‘Oslo’ won the Tony Award for Best Play

Tony Awards BroadwayJames Earl Jones, right, walks on stage to accept the special Tony award for Lifetime Achievement in the Theatre at the 71st annual Tony Awards on Sunday, June 11, 2017, in New York. (Photo by Michael Zorn/Invision/AP)

‘Oslo’ won the Tony Award for Best Play

The play about the Oslo Accord – ‘Oslo’ – won one of the most coveted Tony awards in New York on Monday night Norwegian time.

 

The theater lasts three hours and is about what led to the Oslo accord and the handshake between Israeli Prime Minister Yitzhak Rabin and PLO leader Yasser Arafat.

Earlier in the evening the play also won the award for best supporting actor. It was given to Michael Aronov, who plays an Israeli diplomat. The role is his second on Broadway.

The drama with the most nominations was ‘A Doll’s House, Part 2’ with eight, followed by ‘Oslo’ with seven. Laurie Metcalf won the award for best female actor in the play mentioned first. Metcalf plays Nora Helmer 15 years after she leaves her husband Torvald. The American dramatist Lucas Hnath has written the play.

Kevin Spacey

The night’s host Kevin Spacey opened the award ceremony with dance, singing and jokes, in an opening number that linked the four musicals with the most nominations. Spacey is also known for his imitations, and this time it was Glenn Close’s turn to be imitated.

The four musicals with the most nominations were ‘Natasha, Pierre & The Great Comet in 1812’, ‘Hello Dolly!’, ‘Dear Evan Hansen’ and ‘Groundhog Day the Musical’.

The presenters included Orlando Bloom, Tina Fey, Scarlett Johansson, Glenn Close, Whoopi Goldberg, Mark Hamill and John Legend.

This year’s Tony Awards is the 71st in a row.

The Oslo I Accord, from wikipedia

The Oslo I Accord or Oslo I, officially called the Declaration of Principles on Interim Self-Government Arrangements or short Declaration of Principles (DOP), was an attempt in 1993 to set up a framework that would lead to the resolution of the ongoing Israeli–Palestinian conflict. It was the first face-to-face agreement between the government of Israel and the Palestine Liberation Organization (PLO).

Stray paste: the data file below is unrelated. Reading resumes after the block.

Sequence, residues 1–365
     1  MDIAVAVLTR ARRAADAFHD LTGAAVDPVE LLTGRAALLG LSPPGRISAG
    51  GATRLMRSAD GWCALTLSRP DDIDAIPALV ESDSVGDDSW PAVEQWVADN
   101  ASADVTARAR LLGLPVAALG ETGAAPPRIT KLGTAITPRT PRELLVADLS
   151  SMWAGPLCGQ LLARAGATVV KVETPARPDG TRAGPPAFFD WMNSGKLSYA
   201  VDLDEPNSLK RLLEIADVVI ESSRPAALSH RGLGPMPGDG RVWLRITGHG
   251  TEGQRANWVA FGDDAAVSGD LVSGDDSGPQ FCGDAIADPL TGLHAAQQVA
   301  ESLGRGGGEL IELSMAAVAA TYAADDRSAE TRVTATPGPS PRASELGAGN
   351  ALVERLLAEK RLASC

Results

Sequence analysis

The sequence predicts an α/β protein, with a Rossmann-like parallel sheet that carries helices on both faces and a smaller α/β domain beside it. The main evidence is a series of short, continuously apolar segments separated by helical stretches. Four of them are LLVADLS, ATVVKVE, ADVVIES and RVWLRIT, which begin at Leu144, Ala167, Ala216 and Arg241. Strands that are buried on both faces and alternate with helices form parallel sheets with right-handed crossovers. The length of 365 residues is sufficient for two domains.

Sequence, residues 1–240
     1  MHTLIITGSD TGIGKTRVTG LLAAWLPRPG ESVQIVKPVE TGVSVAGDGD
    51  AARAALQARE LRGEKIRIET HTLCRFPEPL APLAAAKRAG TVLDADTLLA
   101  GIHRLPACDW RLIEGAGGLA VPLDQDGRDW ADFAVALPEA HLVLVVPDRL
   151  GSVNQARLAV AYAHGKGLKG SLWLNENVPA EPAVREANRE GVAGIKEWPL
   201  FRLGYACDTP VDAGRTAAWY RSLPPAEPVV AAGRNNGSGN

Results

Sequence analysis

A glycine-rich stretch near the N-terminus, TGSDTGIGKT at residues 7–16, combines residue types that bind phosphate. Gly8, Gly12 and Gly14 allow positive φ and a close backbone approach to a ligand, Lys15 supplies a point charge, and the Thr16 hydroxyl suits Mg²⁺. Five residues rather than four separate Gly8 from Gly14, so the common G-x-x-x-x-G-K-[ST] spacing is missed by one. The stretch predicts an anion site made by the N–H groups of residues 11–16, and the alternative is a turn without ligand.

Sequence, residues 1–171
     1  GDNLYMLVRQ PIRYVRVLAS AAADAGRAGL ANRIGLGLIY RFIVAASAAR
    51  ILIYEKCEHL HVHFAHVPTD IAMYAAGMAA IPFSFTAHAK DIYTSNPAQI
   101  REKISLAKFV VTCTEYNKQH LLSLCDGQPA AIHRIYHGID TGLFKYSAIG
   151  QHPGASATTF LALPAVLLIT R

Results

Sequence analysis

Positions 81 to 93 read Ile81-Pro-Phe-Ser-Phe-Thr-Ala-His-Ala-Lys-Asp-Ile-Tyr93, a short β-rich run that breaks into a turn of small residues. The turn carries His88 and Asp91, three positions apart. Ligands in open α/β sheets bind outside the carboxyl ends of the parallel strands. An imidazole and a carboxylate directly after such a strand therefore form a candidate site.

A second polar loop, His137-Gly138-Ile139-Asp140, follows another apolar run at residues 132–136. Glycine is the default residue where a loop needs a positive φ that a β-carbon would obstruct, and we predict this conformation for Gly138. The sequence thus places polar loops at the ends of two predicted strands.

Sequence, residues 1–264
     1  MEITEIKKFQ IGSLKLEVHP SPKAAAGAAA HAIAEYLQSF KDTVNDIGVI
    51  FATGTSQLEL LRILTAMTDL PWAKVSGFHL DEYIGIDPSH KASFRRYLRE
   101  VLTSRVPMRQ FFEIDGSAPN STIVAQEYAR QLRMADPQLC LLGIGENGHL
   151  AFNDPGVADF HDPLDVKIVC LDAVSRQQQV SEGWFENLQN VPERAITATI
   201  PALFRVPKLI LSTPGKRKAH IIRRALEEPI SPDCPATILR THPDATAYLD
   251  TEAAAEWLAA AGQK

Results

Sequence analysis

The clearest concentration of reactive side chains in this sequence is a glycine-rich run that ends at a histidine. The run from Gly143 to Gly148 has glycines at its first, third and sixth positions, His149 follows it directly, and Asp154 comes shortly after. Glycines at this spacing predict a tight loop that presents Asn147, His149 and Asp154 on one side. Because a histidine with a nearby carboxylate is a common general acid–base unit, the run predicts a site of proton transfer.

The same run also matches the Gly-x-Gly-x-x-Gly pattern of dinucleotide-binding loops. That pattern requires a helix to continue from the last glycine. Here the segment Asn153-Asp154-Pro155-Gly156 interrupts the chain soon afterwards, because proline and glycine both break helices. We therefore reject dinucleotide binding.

Clinton, Rabin and Arafat shakes hands after signing the Oslo accord. By Vince Musi / The White House – gpo.gov

Negotiations concerning the agreement, an outgrowth of the Madrid Conference of 1991, were conducted secretly in Oslo, Norway, hosted by the Fafo institute, and completed on 20 August 1993; the Oslo Accords were subsequently officially signed at a public ceremony in Washington, D.C., on 13 September 1993, in the presence of PLO chairman Yasser Arafat, Israeli Prime Minister Yitzhak Rabin and U.S. President Bill Clinton. The documents themselves were signed by Mahmoud Abbas for the PLO, foreign Minister Shimon Peres for Israel, U.S. Secretary of State Warren Christopher for the United States and foreign minister Andrei Kozyrev for Russia.

The Accord provided for the creation of a Palestinian interim self-government, the Palestinian National Authority (PNA). The Palestinian Authority would have responsibility for the administration of the territory under its control. The Accords also called for the withdrawal of the Israel Defense Forces (IDF) from parts of the Gaza Strip and West Bank.

It was anticipated that this arrangement would last for a five-year interim period during which a permanent agreement would be negotiated (beginning no later than May 1996). Remaining issues such as Jerusalem, Palestinian refugees, Israeli settlements, security and borders would be part of the “permanent status negotiations” during this period.

In August 1993, the delegations had reached an agreement, which was signed in secrecy by Peres while visiting Oslo. In the Letters of Mutual Recognition, the PLO acknowledged the State of Israel and pledged to reject violence, and Israel recognized the PLO as the representative of the Palestinian people and as partner in negotiations. Yasser Arafat was allowed to return to the Occupied Palestinian Territories. In 1995, the Oslo I Accord was followed by Oslo II. Neither promised Palestinian statehood.

© NTB Scanpix / Norway Today

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